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I know these who arrive in the night. They are as familiar to me as my own reflection, and yet I cannot identify their features as easily as their intentions and meaning. The are speaking to me in fluid tones, as if we are underwater or flying. This different communication requires heightened interpretation. I sense things, feel things richly, not like fleeting emotions but a deeper knowing. I think vaguely as I watch us all that it is like a telegraph system of glances, pulses of energy, knowledge sent and received in a transparent, efficient manner. Swift passages of understanding flow, heard by dreaming ears.

It is neither day or night here, and we have basic bodies that mean far less than thoughts. But they provide me with a tangible sense of happiness, a buoyancy in this hazy, opalescent place. It is clear I deeply love them and they, me. There is excitement, as though I am being cheered on, as if something wonderful is happening. I realize I am part of this forever even as I awaken from the sweetness of the dream.

There has been a crisis in my family involving a grandchild. I am filled with consternation and sadness as we problem solve. My dream reminds me not only of the strength of love in my daily life but also the love that is given us by our angels, passed relatives and allies, even God Almighty, those who tend our hearts and souls even as we slumber.

I have been in that Otherland we enter when crossing from the country of physical wakefulness into territories of dream life. We exist there for seven or so hours every twenty-four hours if we are fortunate. We sink into REM sleep state and dream. We recall it vividly or partially, or not at all. But life continues to be experienced despite our slumber. We gather information, bring it back and break the surface to wakefulness. Then we let go of dream gleanings or bring them closer for examination. We remember, we forget, but there is a difference made.

I remember. Not everything–how could I even capture all that is left behind once my body reclaims my attention? A dream might nag me yet remain ephemeral, unable to reconfigure fully in this consciousness. An identifiable sensation lingers for hours, days. Yet every night there arrive interesting scenarios, bits of ideas. Dreaming is a potent resource. Questions and answers arise from the journeying there.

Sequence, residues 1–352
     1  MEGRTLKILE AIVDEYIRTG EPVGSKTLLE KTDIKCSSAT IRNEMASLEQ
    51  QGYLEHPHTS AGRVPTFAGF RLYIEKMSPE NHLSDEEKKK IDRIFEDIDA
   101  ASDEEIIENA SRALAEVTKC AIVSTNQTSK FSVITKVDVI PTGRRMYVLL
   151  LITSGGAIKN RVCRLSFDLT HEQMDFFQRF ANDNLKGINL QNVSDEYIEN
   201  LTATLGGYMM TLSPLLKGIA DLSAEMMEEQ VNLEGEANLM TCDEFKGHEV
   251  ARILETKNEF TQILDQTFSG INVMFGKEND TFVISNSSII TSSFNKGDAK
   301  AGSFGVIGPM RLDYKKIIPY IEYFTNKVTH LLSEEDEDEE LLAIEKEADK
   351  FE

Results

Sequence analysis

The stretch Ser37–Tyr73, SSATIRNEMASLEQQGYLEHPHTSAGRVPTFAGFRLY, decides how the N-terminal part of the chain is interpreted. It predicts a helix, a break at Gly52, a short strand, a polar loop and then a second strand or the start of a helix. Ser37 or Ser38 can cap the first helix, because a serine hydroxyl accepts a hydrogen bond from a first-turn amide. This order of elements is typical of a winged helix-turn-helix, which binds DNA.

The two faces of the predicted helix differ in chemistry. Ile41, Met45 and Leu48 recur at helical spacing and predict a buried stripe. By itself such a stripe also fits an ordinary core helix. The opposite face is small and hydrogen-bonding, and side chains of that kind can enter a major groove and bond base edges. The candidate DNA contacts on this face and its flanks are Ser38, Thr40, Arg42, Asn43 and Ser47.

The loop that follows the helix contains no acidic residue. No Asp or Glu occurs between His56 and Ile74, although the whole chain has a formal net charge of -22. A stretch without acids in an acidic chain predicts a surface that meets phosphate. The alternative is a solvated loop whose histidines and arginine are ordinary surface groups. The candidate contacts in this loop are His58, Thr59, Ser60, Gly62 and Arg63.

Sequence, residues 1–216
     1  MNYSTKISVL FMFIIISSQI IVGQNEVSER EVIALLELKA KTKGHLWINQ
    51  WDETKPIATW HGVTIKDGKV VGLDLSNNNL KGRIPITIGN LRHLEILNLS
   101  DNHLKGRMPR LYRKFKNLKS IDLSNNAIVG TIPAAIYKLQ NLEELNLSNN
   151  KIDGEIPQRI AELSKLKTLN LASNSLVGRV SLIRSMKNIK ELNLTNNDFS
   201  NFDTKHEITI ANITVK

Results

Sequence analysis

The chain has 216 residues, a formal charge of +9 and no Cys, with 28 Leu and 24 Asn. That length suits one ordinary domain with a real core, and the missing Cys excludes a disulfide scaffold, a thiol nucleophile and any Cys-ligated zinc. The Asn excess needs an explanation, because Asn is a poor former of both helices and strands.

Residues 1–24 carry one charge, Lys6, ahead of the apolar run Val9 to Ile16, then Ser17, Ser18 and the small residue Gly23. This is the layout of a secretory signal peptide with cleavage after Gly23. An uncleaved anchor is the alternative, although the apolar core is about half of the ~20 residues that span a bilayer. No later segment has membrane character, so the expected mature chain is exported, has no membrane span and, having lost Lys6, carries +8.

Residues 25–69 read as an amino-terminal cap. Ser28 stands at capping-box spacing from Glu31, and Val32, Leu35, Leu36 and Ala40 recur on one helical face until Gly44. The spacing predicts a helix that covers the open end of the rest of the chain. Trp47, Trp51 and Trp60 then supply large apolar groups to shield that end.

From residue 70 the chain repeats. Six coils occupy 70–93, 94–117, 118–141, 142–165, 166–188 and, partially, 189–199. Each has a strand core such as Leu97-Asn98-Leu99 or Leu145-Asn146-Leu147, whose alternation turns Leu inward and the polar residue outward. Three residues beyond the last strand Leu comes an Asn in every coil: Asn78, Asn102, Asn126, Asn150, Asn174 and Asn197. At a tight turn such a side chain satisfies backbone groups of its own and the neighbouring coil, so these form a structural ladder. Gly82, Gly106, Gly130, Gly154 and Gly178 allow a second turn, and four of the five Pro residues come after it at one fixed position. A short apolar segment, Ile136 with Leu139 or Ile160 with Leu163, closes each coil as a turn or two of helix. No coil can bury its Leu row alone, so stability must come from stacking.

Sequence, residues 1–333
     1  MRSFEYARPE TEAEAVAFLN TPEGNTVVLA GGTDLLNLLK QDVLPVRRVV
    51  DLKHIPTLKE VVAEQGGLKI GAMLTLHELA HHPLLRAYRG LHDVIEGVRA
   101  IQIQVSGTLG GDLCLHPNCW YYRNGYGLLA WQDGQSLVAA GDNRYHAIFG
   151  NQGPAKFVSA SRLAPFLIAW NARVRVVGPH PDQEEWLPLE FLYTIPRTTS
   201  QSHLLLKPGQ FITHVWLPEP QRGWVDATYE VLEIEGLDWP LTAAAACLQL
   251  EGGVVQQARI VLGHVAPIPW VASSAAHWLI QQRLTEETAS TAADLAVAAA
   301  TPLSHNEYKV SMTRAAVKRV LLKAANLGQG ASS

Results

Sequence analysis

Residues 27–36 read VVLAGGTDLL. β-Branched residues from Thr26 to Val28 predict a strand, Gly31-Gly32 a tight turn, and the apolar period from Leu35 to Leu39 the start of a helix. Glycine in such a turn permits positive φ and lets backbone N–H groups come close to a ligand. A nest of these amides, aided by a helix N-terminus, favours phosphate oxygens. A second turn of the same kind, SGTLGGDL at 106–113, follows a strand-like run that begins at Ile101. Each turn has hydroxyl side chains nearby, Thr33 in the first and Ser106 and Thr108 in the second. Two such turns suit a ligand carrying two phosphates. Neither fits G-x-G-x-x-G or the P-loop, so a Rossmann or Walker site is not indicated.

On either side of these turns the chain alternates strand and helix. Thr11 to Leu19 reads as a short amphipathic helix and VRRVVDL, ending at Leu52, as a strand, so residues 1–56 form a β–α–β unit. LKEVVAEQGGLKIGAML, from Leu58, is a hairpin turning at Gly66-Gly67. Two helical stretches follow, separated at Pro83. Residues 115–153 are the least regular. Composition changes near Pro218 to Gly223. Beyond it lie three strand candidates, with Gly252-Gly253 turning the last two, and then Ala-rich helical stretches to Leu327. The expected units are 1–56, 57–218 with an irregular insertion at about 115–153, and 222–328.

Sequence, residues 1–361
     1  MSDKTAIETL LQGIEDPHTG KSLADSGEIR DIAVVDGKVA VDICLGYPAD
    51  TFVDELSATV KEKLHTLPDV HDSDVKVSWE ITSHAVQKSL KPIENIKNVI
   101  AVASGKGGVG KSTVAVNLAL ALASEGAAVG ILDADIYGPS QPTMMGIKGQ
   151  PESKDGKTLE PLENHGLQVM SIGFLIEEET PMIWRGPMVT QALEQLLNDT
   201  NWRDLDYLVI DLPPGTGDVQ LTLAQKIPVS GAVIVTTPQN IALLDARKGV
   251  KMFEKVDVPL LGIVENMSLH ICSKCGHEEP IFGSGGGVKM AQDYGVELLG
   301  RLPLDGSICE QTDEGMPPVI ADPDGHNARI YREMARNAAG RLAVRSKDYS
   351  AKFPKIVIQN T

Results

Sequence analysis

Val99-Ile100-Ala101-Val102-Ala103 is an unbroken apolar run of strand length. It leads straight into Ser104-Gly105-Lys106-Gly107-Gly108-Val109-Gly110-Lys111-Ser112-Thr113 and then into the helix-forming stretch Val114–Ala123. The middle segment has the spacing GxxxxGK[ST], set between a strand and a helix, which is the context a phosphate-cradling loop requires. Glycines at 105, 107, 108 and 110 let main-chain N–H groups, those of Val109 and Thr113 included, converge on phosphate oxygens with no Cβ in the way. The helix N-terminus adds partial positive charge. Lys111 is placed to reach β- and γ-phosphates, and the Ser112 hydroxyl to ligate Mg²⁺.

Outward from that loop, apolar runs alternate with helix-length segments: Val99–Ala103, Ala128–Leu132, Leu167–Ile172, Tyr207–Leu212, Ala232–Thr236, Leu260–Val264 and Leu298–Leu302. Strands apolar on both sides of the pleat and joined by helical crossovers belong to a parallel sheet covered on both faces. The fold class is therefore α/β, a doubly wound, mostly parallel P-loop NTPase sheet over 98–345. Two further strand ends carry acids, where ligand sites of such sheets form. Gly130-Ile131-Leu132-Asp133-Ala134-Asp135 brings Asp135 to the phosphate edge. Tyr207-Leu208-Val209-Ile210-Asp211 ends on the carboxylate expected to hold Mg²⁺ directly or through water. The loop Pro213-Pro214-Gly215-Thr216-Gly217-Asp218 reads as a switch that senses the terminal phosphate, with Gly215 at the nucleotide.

It is an ancient idea. Dreaming has been valued throughout our human history and remains more important to some cultures than others. Dreams have been revered as oracular, providing wisdom. They are fables for greater living. They are sorters or filters of the ceaseless input we receive and discharge during all our human endeavors. Scientists study brain waves in an attempt to demystify the how, why and when of the subtle complexity of dreaming. Psychologists analyze, develop a guide of dream symbols; psychics advertise skill in personalized interpretation. We know that without sound sleep that supports dreaming the human mind becomes disordered, even disturbed.

Moon and clouds

I have always believed in the value of dreams. It was my mother who taught me about them when I was a youth. Each morning she would ask how I slept. Then we would share our respective dreams over breakfast. I found her dreams intense, vivid, full of portents, sometimes fears, beautiful visions and tales of life. Even prayerful answers. Her dreams could foretell alarming events; she never discounted them and was often correct. I saw how dreams swirled about her otherwise well-organized, accomplished living. They moved her and impacted me as the receiver.  Early on I acquired the habit of observing and keeping track of my own, sometimes in dream journals.

Perhaps this example of how dreaming seemed to save me will further clarify the heart of this essay.